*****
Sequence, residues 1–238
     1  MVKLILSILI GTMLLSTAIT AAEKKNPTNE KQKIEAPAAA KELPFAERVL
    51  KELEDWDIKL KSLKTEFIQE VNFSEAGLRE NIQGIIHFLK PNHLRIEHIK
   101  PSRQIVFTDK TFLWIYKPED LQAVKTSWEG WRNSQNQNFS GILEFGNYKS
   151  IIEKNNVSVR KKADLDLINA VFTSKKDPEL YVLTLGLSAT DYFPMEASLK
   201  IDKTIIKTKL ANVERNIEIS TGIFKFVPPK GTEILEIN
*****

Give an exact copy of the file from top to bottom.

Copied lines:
Sequence, residues 1–238
     1  MVKLILSILI GTMLLSTAIT AAEKKNPTNE KQKIEAPAAA KELPFAERVL
    51  KELEDWDIKL KSLKTEFIQE VNFSEAGLRE NIQGIIHFLK PNHLRIEHIK
   101  PSRQIVFTDK TFLWIYKPED LQAVKTSWEG WRNSQNQNFS GILEFGNYKS
   151  IIEKNNVSVR KKADLDLINA VFTSKKDPEL YVLTLGLSAT DYFPMEASLK
   201  IDKTIIKTKL ANVERNIEIS TGIFKFVPPK GTEILEIN